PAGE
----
And yet I read and admire them tremendously. For various reasons, gay marriage has become perhaps the defining issue of our time. I rejoiced when SCOTUS granted legal recognition to gay marriage in all 50 states. But I genuinely wrestle with the Bible’s teaching on this issue. I came to the position long ago that homosexuality is a biologically determined orientation. Thus I believe the church is justified in recognizing same sex unions and granting full participation. However, I do not believe that all those who oppose this do so out of hatred or spite. I know that Dreher and Jacobs view Paul as clear in his condemnation of homosexual behavior. I agree that Paul was clear. But, for me, Jesus was not, and Paul was also clear that women should not speak in church and should cover their heads. I make the decision in my own faith to place Paul’s condemnation of homosexual behavior in that same cultural context. I realize for many this makes me an apostate. But as I try and respect their views, I sincerely hope that they would try and respect mine.

I am uncomfortable with attempts on the left to marginalize and demonize sincerely held religious disagreement with homosexual behavior. I’m also a firm believer that gays and lesbians should not be discriminated against. This makes things certain business practices very complicated. In the case of Christian businesses and gay weddings, I’m not sure what the answer is. I think that, if the gay couple can find another caterer, then there should be some allowance and grace given to a Christian business that doesn’t feel comfortable catering the wedding.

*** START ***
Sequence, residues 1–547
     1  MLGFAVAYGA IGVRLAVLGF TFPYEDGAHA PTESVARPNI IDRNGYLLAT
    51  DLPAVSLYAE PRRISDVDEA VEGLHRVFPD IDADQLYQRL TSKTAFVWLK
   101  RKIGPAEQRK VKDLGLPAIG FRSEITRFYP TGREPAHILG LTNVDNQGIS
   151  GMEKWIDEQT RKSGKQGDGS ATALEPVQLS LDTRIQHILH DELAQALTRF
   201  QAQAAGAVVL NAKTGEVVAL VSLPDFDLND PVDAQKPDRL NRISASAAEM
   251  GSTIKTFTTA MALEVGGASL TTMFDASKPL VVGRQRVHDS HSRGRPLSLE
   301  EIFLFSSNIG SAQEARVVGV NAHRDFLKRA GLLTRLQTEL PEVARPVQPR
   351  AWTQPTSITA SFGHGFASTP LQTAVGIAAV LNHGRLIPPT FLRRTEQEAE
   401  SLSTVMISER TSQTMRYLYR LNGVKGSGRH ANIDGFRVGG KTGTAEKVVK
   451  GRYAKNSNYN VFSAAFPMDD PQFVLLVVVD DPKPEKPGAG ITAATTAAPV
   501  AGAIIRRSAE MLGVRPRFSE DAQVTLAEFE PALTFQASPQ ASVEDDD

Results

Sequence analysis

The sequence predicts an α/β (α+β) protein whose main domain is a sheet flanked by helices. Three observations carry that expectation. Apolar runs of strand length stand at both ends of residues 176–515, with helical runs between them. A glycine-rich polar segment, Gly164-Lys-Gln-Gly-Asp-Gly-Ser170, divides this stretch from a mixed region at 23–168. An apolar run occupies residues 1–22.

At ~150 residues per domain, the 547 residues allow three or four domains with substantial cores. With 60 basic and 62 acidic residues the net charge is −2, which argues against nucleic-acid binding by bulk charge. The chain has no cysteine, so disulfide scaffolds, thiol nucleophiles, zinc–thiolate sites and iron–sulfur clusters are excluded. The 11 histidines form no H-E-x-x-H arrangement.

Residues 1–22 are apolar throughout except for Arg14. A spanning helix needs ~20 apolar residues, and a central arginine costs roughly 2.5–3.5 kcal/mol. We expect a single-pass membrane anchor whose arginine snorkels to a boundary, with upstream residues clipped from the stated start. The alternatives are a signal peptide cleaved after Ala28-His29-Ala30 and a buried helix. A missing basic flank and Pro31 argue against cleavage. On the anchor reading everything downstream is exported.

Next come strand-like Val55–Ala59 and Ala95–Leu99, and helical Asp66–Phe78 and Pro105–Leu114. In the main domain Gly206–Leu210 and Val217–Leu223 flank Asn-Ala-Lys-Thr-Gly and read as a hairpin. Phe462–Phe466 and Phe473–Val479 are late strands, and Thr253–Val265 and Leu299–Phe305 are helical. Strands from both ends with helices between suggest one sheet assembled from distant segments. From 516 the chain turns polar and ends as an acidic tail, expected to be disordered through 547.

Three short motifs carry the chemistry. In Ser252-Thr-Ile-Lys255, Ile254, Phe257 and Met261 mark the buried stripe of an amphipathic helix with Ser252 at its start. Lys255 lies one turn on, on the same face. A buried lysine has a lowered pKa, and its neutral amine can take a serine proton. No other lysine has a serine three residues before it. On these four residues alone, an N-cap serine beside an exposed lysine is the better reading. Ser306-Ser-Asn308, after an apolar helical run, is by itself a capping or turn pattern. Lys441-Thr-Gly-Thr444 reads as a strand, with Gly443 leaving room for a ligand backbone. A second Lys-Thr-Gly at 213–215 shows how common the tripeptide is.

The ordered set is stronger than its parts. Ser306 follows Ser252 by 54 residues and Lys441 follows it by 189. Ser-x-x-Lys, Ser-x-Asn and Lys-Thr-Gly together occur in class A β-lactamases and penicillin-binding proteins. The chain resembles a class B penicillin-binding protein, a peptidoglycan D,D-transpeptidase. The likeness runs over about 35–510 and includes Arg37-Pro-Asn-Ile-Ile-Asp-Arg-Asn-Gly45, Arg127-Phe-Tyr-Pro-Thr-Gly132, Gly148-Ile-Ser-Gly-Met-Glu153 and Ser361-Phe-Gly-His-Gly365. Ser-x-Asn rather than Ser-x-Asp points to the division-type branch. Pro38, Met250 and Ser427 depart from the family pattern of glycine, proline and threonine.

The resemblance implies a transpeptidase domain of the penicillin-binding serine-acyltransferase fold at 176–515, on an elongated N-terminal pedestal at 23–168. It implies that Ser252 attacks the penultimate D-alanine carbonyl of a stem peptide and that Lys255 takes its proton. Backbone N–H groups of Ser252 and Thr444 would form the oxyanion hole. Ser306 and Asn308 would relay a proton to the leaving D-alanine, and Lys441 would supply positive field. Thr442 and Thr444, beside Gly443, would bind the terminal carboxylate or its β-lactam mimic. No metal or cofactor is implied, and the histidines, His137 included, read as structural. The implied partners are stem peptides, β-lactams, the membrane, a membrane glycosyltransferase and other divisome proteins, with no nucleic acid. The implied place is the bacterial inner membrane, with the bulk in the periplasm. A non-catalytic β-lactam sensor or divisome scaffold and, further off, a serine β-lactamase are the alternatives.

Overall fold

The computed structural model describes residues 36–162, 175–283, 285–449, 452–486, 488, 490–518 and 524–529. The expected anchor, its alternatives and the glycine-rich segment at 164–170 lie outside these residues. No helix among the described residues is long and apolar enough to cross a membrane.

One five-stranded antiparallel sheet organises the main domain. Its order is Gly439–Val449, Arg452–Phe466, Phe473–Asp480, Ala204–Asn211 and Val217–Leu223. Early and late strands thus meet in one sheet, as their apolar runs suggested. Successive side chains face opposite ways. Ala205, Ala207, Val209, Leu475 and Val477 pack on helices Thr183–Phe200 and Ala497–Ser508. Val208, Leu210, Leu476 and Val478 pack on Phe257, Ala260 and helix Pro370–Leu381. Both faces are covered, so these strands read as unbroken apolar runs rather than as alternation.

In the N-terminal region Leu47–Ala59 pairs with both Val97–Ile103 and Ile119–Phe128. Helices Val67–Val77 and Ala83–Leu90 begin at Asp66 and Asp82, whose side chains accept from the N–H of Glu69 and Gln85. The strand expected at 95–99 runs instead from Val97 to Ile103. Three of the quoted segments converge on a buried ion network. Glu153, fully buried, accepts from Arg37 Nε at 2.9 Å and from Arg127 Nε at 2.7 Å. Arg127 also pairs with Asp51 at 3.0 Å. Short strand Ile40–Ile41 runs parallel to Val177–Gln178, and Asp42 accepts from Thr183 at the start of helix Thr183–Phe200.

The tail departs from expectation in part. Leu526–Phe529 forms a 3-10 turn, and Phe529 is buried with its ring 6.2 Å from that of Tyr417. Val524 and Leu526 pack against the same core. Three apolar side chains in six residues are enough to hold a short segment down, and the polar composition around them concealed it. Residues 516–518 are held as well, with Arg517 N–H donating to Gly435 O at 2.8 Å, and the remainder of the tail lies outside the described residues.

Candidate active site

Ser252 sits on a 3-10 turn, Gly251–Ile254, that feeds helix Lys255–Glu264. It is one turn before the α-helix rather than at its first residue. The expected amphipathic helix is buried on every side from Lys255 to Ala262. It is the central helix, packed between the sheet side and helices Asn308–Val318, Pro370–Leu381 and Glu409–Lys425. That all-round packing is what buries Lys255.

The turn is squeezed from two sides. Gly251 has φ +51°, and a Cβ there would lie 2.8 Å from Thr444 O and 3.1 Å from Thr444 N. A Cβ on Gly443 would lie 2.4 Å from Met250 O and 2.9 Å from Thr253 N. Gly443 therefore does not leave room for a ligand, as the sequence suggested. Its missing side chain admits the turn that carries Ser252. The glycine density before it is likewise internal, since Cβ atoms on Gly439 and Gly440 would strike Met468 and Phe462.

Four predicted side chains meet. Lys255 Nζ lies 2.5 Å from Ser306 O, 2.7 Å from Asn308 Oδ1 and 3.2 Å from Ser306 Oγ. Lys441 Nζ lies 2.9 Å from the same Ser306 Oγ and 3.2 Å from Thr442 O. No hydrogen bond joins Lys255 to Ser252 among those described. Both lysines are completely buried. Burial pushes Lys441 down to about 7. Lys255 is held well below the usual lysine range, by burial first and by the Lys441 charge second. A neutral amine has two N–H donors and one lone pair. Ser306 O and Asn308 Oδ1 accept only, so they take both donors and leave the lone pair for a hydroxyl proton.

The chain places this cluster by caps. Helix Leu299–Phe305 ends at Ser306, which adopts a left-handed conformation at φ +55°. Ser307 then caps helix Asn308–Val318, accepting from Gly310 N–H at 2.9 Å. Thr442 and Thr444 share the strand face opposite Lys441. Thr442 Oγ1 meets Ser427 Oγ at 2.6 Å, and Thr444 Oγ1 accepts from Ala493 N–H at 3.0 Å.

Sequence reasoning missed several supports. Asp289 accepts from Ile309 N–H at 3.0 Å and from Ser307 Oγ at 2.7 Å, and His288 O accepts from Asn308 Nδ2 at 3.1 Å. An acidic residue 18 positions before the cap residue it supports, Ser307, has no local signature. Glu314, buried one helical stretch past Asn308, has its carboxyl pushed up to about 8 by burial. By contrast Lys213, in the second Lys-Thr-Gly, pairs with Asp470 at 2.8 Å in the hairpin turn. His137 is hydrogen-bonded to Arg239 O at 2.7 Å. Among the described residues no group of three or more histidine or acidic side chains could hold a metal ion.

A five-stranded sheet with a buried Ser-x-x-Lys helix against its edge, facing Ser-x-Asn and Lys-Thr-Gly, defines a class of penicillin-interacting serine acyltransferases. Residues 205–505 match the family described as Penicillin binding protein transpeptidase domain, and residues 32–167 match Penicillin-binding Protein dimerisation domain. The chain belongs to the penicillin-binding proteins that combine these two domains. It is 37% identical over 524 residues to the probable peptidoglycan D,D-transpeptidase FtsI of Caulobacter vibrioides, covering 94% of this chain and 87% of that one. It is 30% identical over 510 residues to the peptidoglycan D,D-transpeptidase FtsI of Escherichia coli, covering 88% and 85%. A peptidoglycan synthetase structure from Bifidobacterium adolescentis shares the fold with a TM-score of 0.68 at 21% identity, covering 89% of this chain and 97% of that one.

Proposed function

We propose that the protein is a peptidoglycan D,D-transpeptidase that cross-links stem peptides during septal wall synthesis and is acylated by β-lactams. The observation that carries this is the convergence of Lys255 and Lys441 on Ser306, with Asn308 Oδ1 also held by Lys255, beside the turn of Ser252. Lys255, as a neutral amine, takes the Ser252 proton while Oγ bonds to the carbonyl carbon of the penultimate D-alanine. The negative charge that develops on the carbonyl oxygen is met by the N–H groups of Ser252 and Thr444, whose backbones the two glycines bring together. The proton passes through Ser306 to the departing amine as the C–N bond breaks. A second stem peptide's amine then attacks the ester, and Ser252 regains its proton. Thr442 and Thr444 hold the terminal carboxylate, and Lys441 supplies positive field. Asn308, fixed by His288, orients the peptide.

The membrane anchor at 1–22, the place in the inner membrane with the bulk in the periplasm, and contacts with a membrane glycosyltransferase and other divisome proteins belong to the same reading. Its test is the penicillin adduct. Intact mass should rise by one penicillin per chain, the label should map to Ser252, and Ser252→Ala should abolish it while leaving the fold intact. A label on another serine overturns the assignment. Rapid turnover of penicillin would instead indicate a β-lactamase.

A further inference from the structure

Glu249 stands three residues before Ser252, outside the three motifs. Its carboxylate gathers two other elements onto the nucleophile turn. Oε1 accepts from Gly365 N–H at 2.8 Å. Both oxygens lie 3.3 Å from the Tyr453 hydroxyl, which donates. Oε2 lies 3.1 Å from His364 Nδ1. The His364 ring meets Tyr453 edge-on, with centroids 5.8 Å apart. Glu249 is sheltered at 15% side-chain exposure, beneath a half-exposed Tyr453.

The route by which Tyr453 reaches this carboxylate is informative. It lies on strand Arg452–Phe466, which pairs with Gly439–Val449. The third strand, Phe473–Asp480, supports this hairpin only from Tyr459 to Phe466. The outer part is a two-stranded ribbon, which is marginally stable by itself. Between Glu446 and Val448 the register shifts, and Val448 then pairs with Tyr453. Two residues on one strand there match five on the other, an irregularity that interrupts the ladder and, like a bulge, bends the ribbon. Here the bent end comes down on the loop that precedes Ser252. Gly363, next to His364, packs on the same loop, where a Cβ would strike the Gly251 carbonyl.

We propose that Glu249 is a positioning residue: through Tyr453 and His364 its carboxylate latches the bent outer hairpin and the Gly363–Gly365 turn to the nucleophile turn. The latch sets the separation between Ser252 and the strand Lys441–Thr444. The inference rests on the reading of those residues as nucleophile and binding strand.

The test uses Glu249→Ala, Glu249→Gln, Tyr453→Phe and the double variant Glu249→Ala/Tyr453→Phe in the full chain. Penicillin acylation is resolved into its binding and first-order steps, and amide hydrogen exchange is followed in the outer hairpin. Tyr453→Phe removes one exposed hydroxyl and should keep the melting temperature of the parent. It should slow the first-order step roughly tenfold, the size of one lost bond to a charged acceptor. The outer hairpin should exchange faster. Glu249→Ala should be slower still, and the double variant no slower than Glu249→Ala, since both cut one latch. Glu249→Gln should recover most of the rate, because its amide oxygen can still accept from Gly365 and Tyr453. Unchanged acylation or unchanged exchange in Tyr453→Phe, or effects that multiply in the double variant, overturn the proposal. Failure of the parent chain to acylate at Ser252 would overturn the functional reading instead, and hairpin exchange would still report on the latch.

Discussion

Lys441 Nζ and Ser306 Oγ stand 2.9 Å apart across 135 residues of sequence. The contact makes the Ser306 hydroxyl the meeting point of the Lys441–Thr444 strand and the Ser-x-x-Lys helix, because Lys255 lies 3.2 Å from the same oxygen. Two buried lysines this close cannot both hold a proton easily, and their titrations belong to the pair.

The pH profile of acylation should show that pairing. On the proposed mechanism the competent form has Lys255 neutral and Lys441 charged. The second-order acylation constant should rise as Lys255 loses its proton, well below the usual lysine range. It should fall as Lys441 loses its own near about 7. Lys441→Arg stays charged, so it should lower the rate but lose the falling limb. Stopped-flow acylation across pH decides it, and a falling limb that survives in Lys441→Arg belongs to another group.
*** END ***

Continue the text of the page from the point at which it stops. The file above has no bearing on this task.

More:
I appreciate Jacobs’ willingness to interact with liberals and keep lines of communication open. The disagreements in theology and culture in the West are more and more pronounced. But I hope all of us can work on finding the better angels of our nature in the midst of these disagreements.

#2 Comment By veritas On July 9, 2015 @ 5:28 pm

It would take nothing less than a conversion to a different set of epistemic and moral horizons. Otherwise, the current orthodoxy, which lionizes autonomy and hates any religious or political order that would challenge it, will continue to exile those of a non-conformist persuasion.

As a religious person, I pray that cultural currents will change. Other than that, I have no social or cultural influence, and so I leave it up those few conservatives left in places of power to devise and implement strategies that will protect the rest of us from the coming storm.

#3 Comment By Allan A On July 10, 2015 @ 10:40 am

Thank you so much for your comment Bert. It’s the kind of thoughtful approach that gives hope to one who is just on the other side of the divide in our church body (PCA) but feels we have much more in common than not.

#4 Comment By Charles Hall On July 10, 2015 @ 1:50 pm

I like your writing Prof. Jacobs, thank you.

#5 Comment By David Lloyd-Jones On July 11, 2015 @ 3:07 pm

Seems to me the good professor has supplied his own answer in his last sentence, “I have absolutely no idea.”

That’s a pretty good shot at epistemic humility, seems to me.

With a wee bit of hesitation, I think I have an even better one, “I have a pretty good idea, but I’m not sure.”

That’s what science, (from “scio,” remember?) says pretty much, and it seems to me to fit the bill a good deal of the time.

‘Course even if it doesn’t, I’m pretty sure there is no better alternative… 🙂


#6 Comment By Michael Straight On August 9, 2015 @ 9:55 pm

I’m sorry to see you lumping discussion of microagressions in with lack of tolerance for dissent. As I see the term used, it seems mostly about asking people to take care that their speech is building people up rather than tearing them down, except that it’s highlighting certain forms of tearing people down that our culture has tended to ignore or even encourage.